RVC study reveals extent of dog obesity crisis in the UK - Veterinary Practice
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RVC study reveals extent of dog obesity crisis in the UK

Findings may just be the tip of the iceberg, because not every overweight pet will receive veterinary attention for this problem

A new study from the RVC has revealed the scale of the overweight epidemic in dogs in the UK, with 1 in 14 dogs recorded by their vets as overweight each year. Worryingly, these findings may just be the tip of the iceberg when it comes to canine obesity, because not every overweight pet will receive veterinary attention for this problem. The study also found that certain breeds were especially prone to weight gain, including Pugs, Beagles, Golden Retrievers and English Springer Spaniels. Owners of these breeds need to be especially vigilant to protect their dogs from losing the battle of the bulge.

The study was led by the RVC’s VetCompass programme and is one of the largest ever studies that uses anonymised health records of veterinary surgeries to explore the obesity issue of dogs. The study included 22,333 dogs whose health was followed for a year to identify that 1,580 were recorded as overweight. As well as showing that specific breeds were at differing risk, the study also highlighted that being neutered and middle-aged were additionally associated with increasing chances of dogs being overweight. Changes in sex hormones following neutering are thought to result in behaviour changes, specifically increased appetite and decreased physical activity, leading to a tendency to gain weight. Therefore, owners should discuss changes to the diet and exercise plans when they are discussing neutering of their dog with their veterinarian and make adjustments as necessary.

Obesity carries severe welfare risks for dogs. Obese dogs have shortened life spans, reduced quality of life and higher frequencies of some important conditions including arthritis, breathing problems, heart disease, diabetes and certain types of cancer. This new study provides a much needed evidence-base for veterinarians and owners to identify and protect those dogs most at-risk. Understanding which dogs are most at risk allows targeted weight control programmes in high risk dogs to either prevent or treat obesity.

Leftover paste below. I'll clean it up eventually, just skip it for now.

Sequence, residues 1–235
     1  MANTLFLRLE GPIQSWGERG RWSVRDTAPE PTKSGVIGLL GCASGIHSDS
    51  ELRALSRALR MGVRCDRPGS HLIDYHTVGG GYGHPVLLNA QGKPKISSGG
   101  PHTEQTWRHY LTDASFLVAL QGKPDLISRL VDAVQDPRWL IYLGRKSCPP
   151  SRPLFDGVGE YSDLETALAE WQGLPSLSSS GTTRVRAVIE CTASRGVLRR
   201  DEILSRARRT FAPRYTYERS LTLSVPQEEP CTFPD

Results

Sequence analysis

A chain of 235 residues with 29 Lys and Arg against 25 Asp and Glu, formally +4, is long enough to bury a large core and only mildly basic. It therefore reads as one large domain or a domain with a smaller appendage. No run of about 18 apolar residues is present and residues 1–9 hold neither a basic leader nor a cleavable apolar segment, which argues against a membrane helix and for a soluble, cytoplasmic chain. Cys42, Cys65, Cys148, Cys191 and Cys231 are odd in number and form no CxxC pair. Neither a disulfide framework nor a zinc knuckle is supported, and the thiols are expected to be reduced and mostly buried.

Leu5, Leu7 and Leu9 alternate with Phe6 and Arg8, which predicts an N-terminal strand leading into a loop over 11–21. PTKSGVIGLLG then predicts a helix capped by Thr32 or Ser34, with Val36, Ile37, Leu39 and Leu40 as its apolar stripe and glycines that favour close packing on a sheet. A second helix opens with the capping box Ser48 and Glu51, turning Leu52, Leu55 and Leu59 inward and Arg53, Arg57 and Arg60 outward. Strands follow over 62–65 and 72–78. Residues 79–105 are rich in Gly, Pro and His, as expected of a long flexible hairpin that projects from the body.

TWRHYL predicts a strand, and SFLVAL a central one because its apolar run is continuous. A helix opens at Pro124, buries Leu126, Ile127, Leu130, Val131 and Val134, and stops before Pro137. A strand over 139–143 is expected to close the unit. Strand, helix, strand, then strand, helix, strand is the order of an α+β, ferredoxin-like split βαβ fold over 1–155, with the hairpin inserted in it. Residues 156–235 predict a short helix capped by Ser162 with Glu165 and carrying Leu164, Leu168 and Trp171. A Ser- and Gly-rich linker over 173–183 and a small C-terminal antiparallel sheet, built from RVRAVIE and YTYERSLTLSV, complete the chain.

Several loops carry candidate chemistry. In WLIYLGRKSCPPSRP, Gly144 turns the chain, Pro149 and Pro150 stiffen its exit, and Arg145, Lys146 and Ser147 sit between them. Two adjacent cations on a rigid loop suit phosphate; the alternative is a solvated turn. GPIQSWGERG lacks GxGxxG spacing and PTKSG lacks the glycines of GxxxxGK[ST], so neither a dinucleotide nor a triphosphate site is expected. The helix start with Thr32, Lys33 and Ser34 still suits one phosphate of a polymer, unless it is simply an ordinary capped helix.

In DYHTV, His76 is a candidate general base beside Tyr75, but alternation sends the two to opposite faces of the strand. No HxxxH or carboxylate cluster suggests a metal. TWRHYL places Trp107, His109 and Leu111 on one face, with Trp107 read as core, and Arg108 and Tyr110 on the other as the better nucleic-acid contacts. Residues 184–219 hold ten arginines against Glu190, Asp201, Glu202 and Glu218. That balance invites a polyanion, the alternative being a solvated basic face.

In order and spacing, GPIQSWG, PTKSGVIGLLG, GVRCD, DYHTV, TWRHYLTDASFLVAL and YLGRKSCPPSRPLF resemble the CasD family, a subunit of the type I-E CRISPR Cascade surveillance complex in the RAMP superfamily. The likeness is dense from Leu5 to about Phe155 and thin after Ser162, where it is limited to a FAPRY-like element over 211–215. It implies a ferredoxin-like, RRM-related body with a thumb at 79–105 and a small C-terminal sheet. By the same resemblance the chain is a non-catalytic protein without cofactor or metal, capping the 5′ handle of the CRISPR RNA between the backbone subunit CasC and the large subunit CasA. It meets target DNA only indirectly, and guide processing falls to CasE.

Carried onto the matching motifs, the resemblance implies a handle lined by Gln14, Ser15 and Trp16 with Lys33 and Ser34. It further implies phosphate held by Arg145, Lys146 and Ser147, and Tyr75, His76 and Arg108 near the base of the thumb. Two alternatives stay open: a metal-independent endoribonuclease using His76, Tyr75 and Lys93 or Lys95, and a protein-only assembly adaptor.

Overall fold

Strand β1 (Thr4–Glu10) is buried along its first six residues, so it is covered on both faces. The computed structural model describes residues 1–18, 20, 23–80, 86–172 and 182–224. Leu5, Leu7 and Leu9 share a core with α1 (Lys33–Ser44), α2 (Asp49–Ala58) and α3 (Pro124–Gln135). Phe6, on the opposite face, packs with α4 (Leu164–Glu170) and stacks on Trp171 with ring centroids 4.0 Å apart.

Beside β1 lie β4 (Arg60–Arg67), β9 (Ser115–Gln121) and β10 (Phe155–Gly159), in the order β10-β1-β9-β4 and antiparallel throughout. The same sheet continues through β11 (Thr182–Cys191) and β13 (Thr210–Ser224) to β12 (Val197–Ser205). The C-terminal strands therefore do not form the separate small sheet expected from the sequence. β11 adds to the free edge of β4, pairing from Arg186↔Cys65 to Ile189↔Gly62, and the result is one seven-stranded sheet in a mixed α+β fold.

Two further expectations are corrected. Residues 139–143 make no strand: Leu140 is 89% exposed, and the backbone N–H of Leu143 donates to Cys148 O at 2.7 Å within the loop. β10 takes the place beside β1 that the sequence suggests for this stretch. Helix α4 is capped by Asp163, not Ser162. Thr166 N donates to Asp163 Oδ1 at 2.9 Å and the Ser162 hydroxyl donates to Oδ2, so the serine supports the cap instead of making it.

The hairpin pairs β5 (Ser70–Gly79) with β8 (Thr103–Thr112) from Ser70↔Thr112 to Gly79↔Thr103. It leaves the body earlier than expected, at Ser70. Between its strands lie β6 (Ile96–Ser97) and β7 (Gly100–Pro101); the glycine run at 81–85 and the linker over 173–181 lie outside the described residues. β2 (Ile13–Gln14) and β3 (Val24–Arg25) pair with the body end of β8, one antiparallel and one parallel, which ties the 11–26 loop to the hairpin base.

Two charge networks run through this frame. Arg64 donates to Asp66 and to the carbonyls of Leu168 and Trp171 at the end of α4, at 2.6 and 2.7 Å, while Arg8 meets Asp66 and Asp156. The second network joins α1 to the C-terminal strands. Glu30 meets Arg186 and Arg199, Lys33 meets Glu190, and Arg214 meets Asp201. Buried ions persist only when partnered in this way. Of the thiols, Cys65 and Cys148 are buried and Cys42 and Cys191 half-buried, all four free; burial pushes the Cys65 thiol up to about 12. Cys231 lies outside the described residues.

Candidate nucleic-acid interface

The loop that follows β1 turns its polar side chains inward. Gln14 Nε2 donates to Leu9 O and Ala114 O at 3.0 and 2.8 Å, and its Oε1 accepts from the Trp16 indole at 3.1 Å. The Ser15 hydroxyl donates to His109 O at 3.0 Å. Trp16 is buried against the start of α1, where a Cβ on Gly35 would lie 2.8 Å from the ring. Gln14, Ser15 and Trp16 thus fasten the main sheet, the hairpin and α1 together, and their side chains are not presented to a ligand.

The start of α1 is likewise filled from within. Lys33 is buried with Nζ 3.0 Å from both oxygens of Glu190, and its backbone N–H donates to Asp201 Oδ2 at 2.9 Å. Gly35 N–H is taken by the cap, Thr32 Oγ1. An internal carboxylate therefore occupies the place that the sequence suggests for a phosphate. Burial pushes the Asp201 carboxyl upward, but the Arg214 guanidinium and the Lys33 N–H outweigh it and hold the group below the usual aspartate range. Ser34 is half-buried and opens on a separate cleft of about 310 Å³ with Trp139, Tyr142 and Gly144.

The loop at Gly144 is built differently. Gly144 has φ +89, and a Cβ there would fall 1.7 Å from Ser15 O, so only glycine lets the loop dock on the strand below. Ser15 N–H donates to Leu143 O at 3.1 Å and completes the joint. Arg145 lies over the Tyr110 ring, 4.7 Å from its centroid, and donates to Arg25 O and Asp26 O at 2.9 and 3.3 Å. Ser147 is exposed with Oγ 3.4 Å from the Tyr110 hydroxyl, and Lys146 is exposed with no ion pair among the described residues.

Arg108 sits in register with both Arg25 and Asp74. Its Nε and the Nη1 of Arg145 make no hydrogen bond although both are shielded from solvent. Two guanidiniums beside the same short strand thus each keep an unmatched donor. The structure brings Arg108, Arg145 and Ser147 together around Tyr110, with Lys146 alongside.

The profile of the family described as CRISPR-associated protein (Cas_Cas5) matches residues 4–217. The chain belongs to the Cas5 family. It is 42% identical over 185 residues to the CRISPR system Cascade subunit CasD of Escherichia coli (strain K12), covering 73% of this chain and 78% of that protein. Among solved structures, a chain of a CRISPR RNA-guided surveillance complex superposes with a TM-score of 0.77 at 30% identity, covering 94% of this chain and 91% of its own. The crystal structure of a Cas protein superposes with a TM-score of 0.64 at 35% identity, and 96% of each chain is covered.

Additional key findings include:

  • 7.1 percent dogs under veterinary care were recorded as overweight in a single year.
  • Eight breeds showed increased risk of overweight status compared with crossbred dogs: Pug (x 3.12), Beagle (x 2.67), Golden Retriever (x 2.58), English Springer Spaniel (x 1.98), Border Terrier (x 1.72), Labrador Retriever (x 1.70), Cavalier King Charles Spaniel (x 1.50) and Cocker Spaniel (x 1.32).
  • Two breeds showed reduced risk of overweight status compared with crossbred dogs: Shih-tzu (x 0.53) and German Shepherd Dog (x 0.55).
  • Dogs aged 6 to < 9 (years) had the highest risk of overweight status (x 2.99) compared with dogs < 3.
  • Neutered males had the highest risk (x 1.90) compared with entire females.
  • Insured dogs had 1.28 times the risk of overweight status compared with uninsured dogs.

Owners are encouraged to discuss their dog’s weight and lifestyle on every visit to their veterinary practice. This is of particular importance in the high-risk dogs identified in this study such as Pugs, Beagles, neutered and middle-aged dogs.

Camilla Pegram, VetCompass Epidemiologist at the RVC, and author of the paper, said:

“This study has used the power of “big data” to robustly address the risk factors for obesity in dogs. Pugs, Beagles and Golden Retrievers were at greatest risk of obesity compared with crossbreeds. As well as genetics, management style could in part drive these breed predispositions. Whilst veterinary professionals and owners should focus efforts on obesity prevention strategies in all dogs, those identified at high-risk, such as Pugs, Beagles and Golden Retrievers, may need a more targeted approach.”

Dr Eleanor Raffan, Associate Lecturer in Systems Physiology, at the University of Cambridge, and co-author of the paper, said:

“Where breed increases risk of a problem, it means genes are likely to be at least in part to blame and our previous work suggests that genetics drives a high appetite in some breeds. The bad news is that owners of food-obsessed dogs have to work much harder to keep their dogs at a healthy weight – the good news is that it can be done.”

Dr Dan O’Neill, Senior Lecturer, Companion Animal Epidemiology, at the RVC, and co-author of the paper, said:

“To defeat your enemy, you need to know your enemy. Obesity is the enemy of the health of our dogs. This new study identifies the breeds and ages of dogs that are most susceptible to obesity; we can use this information to defeat obesity.”

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